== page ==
• Driving in heavy traffic requires increased focus and alertness.

  • The road will be crowded with cars, the flow of traffic irregular, and people will start getting impatient, leading to them trying to merge where they likely shouldn’t.

  • Keep both eyes on the road, both hands on the steering wheel and all your focus on driving.

  • This is not the time for a serious in-car discussion or any activity that will take your attention away from driving:

    • Leave the phone alone - If you must have a cellular conversation you need to have a handsfree device

    • Turn down the music

    • Ask your passengers to quiet down until you’re free of heavy traffic.

    • Stay focused. Keep your mind on driving by avoiding distractions such as eating and drinking.

Readiness for Emergencies

  • Always remain vigilant and prepare yourself for emergency manoeuvres.

  • Be extra cautious when heavy traffic is in areas of poor visibility and bad weather conditions.

  • Impatient drivers can make poor decisions that might require you to take action to prevent an accident.

  • Some drivers simply do not have the patience needed to avoid risky overtaking.

  • Keep in mind that many drivers are driving during the holidays on unfamiliar roads.

  • Holiday traffic is associated with increased stress from heat, traffic jams, noisy children and general tiredness.

  • Sometimes you may need to take evasive measures and merge out of your lane and onto a shoulder.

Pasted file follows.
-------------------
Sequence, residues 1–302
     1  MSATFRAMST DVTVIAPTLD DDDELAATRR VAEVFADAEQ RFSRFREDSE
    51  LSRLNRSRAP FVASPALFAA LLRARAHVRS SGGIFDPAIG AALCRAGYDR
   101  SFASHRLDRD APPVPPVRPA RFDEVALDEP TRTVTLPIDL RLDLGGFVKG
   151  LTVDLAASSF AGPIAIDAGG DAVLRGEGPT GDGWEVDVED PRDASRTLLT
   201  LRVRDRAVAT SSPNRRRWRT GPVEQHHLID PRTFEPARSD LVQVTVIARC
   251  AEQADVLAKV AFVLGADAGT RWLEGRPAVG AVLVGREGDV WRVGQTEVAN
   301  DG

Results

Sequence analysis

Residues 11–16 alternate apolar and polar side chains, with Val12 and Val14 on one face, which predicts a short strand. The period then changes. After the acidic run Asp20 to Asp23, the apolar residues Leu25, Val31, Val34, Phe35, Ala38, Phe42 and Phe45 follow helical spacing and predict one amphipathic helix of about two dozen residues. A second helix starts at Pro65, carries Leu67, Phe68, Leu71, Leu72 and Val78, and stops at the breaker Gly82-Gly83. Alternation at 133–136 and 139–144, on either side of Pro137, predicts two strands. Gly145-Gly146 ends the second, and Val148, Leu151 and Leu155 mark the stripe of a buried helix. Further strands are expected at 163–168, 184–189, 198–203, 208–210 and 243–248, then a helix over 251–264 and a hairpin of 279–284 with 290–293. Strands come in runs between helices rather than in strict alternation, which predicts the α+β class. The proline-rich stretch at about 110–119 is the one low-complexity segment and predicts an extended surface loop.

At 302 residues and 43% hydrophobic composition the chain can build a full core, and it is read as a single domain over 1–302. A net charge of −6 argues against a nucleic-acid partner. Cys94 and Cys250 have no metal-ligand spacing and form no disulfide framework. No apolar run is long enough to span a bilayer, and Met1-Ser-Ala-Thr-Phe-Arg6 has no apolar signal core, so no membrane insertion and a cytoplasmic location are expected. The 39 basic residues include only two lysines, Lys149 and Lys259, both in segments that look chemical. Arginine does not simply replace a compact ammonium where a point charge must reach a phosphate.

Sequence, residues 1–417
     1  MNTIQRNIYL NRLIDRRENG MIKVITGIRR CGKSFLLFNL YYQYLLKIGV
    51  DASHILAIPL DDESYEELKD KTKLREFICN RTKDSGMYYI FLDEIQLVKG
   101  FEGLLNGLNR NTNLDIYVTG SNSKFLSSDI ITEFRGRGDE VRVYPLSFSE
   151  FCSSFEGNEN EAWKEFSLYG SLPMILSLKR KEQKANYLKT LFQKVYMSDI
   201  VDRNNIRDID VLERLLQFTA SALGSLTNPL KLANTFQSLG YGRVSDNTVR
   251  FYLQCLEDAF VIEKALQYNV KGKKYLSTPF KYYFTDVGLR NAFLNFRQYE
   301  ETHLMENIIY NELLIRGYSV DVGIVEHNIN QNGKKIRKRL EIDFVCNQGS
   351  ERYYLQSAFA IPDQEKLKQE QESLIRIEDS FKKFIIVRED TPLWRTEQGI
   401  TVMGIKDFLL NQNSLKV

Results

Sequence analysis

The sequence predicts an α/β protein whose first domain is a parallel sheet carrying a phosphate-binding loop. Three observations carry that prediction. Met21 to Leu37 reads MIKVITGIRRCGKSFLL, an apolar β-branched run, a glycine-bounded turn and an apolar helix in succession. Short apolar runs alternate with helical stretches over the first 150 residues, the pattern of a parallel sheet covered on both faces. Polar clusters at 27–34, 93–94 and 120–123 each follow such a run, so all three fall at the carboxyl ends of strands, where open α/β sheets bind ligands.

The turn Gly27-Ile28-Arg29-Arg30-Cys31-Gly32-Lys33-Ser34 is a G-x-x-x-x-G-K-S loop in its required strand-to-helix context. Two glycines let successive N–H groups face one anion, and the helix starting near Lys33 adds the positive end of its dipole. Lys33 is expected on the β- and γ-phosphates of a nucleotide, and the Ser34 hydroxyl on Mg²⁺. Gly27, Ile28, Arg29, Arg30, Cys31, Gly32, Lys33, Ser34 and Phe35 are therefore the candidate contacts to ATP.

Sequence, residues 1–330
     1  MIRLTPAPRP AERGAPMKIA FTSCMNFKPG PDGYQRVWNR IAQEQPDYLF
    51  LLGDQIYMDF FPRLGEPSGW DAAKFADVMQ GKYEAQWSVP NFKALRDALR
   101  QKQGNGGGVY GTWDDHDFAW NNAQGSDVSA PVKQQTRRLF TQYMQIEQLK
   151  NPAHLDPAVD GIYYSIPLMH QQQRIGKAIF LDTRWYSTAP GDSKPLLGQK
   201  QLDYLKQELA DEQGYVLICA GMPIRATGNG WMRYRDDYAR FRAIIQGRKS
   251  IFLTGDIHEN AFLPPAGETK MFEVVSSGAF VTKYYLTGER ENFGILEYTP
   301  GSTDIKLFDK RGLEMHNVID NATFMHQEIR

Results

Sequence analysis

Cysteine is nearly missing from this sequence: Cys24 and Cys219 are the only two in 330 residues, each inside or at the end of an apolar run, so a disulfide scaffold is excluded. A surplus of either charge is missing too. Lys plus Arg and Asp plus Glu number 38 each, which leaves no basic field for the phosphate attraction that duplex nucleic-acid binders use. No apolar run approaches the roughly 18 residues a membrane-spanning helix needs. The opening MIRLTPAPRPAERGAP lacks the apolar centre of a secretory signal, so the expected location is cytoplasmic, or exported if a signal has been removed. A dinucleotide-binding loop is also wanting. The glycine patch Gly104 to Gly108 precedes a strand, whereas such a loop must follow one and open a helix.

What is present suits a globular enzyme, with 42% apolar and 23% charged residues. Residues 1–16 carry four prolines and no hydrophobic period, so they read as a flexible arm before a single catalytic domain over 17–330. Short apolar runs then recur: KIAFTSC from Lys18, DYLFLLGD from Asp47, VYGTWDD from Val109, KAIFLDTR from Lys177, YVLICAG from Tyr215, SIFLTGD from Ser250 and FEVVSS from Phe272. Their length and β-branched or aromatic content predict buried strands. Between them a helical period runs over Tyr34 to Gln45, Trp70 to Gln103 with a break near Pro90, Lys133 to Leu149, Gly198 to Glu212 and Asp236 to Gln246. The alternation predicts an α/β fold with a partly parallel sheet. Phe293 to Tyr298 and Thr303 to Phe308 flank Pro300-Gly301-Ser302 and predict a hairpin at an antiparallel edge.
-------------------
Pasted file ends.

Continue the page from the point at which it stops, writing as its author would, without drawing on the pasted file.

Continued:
• Keep your eyes scanning traffic, the shoulder of the road, and potential places you might direct your car if you have to make emergency manoeuvres.

  • Always have everyone buckled up on the front and back seat, however, short or slow the drive.

Always have everyone buckled up on the front and back seat, however, short or slow the drive

Remaining Calm / Avoiding the Rage in Heavily Congested Traffic

When you encounter heavy traffic you need to drive with a very calm and relaxed attitude - do not get agitated with the congested traffic - keep in mind that you and your vehicle contribute to the congestion experienced by all!

  • It is best not to drive while tired or emotionally agitated.

  • Calm is the name of the game in heavy traffic - Patience or becoming a patient are the options..... Breathe in, breathe out, breathe in, breathe out …

  • Remember that everyone is going through the same stress.

  • If you find rush hour stress becomes too overwhelming, try to avoid it. See if you can change your hours at work or even take a different route. Maybe driving through neighbourhoods or taking back roads will add time to your commute but if it reduces your stress, those extra few minutes are worth it in the long run.

  • Long-distance driving during the holiday season [with your impatient children] leads to heightened levels of driving anxiety.

  • Driver fatigue coupled with the increased volume of vehicles on the road can create high tensions that can often lead to road rage.

  • These factors can increase your tension and lead to accidents.

  • Try to remain calm when other motorists tailgate or cut in front of you in the "idiot space".

  • If the stress becomes overwhelming, get off the road. Try to take another route or pull over until the traffic calms down. Nothing is worth you putting your life or the lives of others at risk.

  • A rest stop every 2 hours remains is the best way to calm the nerves - Have a cup of coffee, go for a walk, or just nap in your car for a few minutes.